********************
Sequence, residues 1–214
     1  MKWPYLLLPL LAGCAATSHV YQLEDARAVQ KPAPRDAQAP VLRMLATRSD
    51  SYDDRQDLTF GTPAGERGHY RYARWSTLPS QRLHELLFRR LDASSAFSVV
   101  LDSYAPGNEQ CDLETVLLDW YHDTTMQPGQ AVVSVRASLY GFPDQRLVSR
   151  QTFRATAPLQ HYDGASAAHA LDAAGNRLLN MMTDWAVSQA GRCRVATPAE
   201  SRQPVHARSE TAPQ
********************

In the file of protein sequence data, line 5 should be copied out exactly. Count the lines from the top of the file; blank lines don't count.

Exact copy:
   151  QTFRATAPLQ HYDGASAAHA LDAAGNRLLN MMTDWAVSQA GRCRVATPAE